Beamforming adaptive arrays with graphics processing units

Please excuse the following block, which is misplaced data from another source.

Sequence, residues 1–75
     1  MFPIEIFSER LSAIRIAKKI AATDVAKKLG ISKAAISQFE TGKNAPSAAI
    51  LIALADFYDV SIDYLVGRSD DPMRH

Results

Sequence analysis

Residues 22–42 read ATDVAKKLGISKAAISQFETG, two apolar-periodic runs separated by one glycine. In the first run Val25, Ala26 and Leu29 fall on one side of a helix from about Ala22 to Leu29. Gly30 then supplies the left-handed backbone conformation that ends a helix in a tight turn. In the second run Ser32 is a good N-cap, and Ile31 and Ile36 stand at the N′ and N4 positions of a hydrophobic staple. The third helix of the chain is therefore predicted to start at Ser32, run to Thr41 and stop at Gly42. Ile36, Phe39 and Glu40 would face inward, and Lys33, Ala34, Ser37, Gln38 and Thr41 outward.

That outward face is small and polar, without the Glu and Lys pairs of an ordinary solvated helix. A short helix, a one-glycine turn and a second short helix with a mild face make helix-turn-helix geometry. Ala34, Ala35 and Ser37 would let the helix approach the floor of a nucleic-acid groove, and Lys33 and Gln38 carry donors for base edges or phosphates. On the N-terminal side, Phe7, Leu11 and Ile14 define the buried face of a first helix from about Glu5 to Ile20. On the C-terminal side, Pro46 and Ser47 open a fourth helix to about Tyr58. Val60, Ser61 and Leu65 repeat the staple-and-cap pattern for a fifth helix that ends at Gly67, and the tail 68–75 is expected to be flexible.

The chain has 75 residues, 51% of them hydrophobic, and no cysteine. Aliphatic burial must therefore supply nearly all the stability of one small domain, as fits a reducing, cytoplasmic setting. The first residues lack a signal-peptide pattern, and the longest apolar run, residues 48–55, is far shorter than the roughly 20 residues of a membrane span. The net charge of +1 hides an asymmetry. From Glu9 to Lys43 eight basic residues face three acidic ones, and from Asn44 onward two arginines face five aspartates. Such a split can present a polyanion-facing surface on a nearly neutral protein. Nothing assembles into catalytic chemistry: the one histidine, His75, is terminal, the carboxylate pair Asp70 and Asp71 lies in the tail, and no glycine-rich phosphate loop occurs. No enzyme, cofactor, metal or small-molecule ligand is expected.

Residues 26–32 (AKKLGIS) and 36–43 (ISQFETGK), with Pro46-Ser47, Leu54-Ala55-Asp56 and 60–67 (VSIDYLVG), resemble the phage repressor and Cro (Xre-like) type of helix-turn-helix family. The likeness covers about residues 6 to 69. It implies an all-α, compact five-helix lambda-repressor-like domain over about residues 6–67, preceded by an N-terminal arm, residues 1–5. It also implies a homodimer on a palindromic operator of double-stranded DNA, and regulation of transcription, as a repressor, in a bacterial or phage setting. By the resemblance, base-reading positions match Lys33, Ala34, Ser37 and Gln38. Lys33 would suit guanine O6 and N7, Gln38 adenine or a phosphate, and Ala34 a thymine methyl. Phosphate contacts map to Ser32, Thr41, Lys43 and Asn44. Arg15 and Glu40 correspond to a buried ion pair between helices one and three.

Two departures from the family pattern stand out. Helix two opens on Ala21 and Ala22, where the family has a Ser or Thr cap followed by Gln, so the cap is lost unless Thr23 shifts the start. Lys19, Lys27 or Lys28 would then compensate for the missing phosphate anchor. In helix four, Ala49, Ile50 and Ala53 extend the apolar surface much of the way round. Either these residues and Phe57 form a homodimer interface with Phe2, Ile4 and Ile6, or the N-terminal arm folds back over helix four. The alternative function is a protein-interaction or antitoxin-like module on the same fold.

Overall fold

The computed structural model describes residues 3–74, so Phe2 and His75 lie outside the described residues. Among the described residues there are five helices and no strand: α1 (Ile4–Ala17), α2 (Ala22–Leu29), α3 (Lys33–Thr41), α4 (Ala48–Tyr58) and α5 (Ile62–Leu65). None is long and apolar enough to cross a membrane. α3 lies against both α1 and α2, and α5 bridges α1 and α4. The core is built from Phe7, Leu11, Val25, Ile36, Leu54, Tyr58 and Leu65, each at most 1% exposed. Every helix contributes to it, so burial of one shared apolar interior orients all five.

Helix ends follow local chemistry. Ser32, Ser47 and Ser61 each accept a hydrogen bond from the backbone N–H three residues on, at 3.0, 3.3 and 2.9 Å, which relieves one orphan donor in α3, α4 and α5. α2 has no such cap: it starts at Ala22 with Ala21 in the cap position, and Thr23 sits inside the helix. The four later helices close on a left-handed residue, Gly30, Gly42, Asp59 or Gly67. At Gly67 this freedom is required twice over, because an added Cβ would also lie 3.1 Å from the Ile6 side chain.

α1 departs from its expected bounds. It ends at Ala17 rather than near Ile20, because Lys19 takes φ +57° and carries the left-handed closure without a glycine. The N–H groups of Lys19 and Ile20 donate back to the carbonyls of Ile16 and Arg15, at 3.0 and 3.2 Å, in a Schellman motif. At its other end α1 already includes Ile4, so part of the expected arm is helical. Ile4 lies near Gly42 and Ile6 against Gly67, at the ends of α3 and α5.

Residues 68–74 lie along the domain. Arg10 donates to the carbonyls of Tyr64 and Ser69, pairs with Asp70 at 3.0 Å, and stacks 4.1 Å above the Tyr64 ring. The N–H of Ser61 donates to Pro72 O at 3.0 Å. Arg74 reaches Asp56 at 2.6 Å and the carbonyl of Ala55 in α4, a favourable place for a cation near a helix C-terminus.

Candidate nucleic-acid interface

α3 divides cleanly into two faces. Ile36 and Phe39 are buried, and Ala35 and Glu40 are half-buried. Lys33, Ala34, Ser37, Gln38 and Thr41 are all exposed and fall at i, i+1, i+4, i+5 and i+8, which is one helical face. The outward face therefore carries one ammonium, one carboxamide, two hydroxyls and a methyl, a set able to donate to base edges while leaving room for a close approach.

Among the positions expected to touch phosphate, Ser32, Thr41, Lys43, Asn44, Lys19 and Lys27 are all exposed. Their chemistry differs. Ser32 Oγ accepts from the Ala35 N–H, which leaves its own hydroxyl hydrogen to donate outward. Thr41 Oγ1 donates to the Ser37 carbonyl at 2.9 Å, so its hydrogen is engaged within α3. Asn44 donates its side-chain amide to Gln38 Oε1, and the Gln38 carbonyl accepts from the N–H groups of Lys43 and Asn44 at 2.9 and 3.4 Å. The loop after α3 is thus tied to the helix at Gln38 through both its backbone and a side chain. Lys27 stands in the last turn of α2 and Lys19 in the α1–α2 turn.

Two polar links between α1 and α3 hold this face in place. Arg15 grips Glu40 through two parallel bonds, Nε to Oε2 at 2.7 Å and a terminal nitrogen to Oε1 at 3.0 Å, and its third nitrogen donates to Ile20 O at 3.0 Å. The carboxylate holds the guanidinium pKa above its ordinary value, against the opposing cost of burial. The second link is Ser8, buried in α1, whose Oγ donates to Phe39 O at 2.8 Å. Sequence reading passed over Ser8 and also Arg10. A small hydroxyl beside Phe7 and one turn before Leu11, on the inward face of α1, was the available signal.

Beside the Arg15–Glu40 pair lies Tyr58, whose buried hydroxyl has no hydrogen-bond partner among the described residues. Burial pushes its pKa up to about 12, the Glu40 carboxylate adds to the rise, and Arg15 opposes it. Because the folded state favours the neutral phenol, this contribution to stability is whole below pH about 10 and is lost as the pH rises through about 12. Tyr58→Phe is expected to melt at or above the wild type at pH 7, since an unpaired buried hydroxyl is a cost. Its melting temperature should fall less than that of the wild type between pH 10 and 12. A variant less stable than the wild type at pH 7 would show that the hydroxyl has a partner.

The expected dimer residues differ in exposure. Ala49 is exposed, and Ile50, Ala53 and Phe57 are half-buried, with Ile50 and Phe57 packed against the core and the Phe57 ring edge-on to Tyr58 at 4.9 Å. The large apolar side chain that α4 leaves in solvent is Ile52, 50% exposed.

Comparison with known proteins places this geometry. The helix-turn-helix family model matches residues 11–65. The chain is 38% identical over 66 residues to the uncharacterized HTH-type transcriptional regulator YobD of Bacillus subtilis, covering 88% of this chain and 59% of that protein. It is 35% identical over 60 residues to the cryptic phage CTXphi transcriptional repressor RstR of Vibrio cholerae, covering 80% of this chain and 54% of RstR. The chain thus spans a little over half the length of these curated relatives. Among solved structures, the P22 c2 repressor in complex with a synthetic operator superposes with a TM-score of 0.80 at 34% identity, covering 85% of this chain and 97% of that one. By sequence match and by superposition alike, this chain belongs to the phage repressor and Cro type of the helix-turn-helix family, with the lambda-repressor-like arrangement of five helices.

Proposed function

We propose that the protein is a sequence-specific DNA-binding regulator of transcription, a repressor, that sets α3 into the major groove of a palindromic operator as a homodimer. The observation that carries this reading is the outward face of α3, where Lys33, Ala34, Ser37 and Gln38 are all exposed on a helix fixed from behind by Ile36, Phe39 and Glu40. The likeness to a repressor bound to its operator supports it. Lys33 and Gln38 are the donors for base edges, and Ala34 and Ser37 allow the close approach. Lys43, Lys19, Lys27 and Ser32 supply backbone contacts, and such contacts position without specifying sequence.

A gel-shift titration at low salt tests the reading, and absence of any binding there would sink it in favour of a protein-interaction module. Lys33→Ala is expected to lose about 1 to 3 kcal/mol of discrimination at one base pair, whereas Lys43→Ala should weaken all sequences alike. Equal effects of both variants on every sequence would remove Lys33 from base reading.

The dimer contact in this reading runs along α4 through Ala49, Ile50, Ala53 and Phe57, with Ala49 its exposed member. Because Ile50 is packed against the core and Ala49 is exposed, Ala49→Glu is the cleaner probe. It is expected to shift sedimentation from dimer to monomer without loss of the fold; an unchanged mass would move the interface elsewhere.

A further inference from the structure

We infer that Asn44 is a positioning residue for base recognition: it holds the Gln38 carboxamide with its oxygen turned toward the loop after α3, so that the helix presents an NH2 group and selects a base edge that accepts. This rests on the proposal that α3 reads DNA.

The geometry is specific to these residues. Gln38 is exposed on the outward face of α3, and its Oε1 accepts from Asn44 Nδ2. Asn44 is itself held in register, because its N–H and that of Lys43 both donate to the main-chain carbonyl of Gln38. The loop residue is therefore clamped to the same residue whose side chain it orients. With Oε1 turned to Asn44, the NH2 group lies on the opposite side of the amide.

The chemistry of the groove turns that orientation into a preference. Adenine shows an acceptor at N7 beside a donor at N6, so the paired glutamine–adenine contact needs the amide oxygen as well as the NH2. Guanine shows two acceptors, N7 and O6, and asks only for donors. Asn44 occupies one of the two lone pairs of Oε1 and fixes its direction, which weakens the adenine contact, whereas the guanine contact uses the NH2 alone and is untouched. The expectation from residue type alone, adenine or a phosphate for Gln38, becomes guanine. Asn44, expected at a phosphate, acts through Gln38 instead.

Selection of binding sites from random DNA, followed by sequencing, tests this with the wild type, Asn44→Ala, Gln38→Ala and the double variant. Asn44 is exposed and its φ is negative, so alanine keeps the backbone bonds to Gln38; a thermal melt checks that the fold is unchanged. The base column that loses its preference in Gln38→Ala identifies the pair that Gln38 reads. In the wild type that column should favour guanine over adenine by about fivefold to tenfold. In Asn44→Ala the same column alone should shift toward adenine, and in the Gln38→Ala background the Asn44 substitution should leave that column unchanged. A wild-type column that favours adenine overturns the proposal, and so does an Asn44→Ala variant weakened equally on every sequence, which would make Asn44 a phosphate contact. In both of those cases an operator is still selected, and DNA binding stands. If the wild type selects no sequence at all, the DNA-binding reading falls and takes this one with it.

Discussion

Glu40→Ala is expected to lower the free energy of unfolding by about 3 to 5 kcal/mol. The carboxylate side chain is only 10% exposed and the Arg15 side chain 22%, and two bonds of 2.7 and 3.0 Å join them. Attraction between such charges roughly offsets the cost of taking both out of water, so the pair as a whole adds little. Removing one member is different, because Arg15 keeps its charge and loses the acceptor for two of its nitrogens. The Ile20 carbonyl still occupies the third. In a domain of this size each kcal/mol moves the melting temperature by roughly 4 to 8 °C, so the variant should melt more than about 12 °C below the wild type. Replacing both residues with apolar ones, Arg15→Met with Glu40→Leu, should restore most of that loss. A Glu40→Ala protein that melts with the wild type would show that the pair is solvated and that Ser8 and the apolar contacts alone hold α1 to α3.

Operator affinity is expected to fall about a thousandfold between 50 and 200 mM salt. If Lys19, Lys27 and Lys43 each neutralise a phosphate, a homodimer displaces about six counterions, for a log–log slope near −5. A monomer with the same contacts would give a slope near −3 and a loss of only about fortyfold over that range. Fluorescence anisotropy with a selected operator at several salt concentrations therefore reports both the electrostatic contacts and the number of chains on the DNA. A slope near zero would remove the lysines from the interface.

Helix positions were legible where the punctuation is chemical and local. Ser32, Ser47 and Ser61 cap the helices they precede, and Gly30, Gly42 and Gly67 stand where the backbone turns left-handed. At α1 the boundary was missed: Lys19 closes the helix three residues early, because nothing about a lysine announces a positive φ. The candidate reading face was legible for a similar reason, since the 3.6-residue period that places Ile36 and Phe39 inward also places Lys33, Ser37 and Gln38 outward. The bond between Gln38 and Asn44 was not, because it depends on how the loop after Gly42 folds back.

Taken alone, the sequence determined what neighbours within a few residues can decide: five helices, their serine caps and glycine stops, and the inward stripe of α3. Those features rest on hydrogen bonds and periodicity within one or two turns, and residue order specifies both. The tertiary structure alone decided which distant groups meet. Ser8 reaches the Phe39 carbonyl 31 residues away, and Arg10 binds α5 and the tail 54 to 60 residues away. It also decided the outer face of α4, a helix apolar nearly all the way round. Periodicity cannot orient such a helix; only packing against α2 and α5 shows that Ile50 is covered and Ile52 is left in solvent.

Beamforming is a signal processing technique by which an array of receivers sensitive to signals from all directions can be processed to form one larger more sensitive receiver that can identify which direction signals originate. Conventional beamforming methods can allow signals from noisy interferers to mask signals of interest if these interferers lie close to those directions to which the beamformer is sensitive. Adaptive beamforming (ABF) attempts to overcome this by minimizing the beamformer’s output subject to certain constraints. At its core ABF is an optimization problem, and a robust ABF procedure that consistently provides an optimal solution is computationally expensive. Nevertheless, ABF is of particular interest to the US Navy, where personnel trained to analyze acoustic data from sonar receivers can locate and track quiet targets of interest, e.g. submarines, that may be masked by sources of both ambient and directional noise in the ocean. ABF can be implemented to operate concurrently on sets of frequency-independent data, thus making ABF well-suited for parallel processing. Additionally, due to ABF’s high density of arithmetic operations, it is a suitable candidate for implementation on modern graphics processing units (GPUs). GPUs have been designed to quickly perform many concurrent arithmetic operations on large amounts of data. Furthermore, as of early 2007 they have reached a point at which they are not only capable of performing general-purpose tasks completely unrelated to graphics but also can be programmed to do such tasks far more easily and more naturally than has previously been possible. I show a method for parallelizing an existing serial ABF algorithm on an NVIDIA Geforce 8800 GTX, one of the first GPUs to use a generalized stream processor-based architecture. I take a single program, multiple data (SPMD) approach where the same software kernel executes over multiple blocks of frequencyindependent data in parallel. Further parallelism is exploited by subdividing each block into smaller subsets, independent of the direction the array is steered, and operating on these concurrently. Although initial results indicate that the GPU-based beamformer yields lower throughput than its serial counterpart, a number of possible optimizations are discussed that can allow the GPU implementation to match, if not exceed, the serial implementation.